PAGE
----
One Answer

  1. It's the same as the difference between hard and software on your computer.

    Difficulties arise because of what has become fashionable to call qualia: how does the subjective experience of color and sound arise?… Example: blind people. With some lesions of the occipital part of the head, a person loses the ability to see, but at the same time retains the ability to respond to visual stimuli. It is surprising that such a person can avoid obstacles, but at the same time will not be able to describe the location of objects in the room.

    Along with some agnosia, such as cortical achromatopsia, these people are a living example of “philosophical zombies”: an imaginary creature that completely reproduces human behavior, but which is “dark inside”.

    Why, then, do human mental processes “not run in the dark,” as Chalmers asks?

    I think that the answer should be found in the following.

    1. As Ryle pointed out, awareness of something and awareness of that awareness are different things. For example, I see a tree and my brain responds somehow to this set of visual stimuli. Then, in one form or another, I pay attention to what is happening to me. Words can express this: “I was thinking that I saw a tree”, etc. Both the first and second thoughts “go in the dark”, the second thought “highlights” the first. Then I can think about a second thought, etc.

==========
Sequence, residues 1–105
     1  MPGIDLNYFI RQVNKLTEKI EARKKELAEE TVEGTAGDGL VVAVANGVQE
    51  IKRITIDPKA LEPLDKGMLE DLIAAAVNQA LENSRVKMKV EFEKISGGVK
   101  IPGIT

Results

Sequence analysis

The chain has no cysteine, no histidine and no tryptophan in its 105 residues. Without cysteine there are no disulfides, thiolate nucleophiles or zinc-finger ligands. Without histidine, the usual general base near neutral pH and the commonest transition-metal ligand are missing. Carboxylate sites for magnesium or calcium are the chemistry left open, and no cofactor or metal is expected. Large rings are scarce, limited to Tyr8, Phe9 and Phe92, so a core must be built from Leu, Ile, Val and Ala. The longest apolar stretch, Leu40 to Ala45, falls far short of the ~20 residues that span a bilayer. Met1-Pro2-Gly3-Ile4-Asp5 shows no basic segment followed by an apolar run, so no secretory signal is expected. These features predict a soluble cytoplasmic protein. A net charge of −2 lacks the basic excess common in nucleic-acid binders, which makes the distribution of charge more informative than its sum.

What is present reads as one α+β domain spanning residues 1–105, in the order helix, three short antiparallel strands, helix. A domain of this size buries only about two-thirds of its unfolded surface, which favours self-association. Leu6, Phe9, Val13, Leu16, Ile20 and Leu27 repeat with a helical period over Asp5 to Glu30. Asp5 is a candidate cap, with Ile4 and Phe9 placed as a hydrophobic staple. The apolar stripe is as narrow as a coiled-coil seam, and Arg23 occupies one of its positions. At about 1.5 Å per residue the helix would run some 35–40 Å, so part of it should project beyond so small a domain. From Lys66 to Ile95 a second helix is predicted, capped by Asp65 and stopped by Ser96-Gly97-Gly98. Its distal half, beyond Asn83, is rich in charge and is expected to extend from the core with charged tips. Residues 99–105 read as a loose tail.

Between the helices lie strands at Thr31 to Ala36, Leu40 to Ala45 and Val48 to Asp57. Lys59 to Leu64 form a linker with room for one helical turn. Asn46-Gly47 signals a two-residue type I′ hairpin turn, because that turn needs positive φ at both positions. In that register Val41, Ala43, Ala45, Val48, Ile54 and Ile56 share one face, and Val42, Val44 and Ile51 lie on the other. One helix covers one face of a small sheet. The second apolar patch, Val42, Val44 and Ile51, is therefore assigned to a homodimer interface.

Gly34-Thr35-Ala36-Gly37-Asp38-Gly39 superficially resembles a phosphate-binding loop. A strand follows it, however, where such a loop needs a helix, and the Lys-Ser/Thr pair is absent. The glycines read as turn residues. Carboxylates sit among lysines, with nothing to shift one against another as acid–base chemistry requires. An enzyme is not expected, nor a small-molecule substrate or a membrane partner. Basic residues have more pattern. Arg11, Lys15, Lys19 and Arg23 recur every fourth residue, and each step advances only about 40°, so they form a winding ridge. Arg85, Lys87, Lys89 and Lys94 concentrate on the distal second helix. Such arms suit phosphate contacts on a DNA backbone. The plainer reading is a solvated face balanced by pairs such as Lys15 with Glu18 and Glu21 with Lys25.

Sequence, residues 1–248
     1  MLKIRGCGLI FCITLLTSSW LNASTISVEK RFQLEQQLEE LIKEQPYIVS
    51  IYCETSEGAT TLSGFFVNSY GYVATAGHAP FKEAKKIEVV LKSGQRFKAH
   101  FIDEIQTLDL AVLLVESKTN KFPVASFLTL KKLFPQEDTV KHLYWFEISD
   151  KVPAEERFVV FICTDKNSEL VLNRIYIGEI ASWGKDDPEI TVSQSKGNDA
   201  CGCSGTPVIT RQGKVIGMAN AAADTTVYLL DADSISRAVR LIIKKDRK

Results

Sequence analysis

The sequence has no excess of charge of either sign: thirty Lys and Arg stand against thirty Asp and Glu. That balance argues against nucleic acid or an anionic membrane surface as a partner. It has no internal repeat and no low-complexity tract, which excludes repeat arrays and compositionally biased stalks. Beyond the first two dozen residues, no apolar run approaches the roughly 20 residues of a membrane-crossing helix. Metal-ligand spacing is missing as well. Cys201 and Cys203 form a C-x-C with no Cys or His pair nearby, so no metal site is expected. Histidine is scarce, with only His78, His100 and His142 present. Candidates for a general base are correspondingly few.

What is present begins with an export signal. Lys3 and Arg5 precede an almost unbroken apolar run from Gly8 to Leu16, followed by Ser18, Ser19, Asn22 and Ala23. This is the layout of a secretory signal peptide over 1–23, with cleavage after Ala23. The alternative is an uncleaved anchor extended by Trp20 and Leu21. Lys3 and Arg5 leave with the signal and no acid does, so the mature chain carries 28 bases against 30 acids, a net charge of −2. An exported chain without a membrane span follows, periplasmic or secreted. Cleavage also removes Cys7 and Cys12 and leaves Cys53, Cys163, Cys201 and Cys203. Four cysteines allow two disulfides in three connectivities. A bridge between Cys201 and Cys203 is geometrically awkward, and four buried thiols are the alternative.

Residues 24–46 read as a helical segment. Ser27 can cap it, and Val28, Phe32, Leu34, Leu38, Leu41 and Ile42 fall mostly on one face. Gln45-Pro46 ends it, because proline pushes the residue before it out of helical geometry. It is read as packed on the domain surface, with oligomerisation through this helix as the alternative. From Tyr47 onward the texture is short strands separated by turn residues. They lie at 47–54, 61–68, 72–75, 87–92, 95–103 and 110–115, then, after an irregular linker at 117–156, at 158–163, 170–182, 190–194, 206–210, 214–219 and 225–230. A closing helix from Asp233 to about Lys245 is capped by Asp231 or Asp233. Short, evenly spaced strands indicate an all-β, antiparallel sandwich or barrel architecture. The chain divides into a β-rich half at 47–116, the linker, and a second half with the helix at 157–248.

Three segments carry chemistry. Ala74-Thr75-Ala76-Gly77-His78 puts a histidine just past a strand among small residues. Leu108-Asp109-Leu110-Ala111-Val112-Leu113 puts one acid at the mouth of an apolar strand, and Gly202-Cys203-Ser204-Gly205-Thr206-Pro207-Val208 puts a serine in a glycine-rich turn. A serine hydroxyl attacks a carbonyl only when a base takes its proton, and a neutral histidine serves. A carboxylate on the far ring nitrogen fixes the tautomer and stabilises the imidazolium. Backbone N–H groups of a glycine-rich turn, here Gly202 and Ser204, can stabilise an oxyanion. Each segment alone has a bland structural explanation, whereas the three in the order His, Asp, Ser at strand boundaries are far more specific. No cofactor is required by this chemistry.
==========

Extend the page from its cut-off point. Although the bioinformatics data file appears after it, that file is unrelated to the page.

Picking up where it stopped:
In other words, being conscious means constantly changing your thoughts. After all, most of the time we just react, especially without thinking. What Kahneman called “fast” system 1 in the psyche works.

    This is consistent with the experiments of Libet, who found that awareness is always “late”: we are just observers of our own actions.

    1. However, these are not just thoughts in the proper sense of the word. Any sensation is reflexive. Ivanitsky and Sergin drew attention to the fact that the subjective experience of sensation occurs after the excitation of the sense organ passes along a “circular path” (in Ivanitsky – through the “ring of sensation”), so it is synthesized with memory data. Sergin calls this auto-identification, which results in the brain not just spreading arousal, but processing information. In philosophy, Dubrovsky developed a similar “informational” theory of consciousness. The synthesis of arousal of the sense organ with itself “presents data in explicit form”, i.e., from a simple stimulus that causes a reaction, the arousal becomes a signal that carries information.

Leave a Reply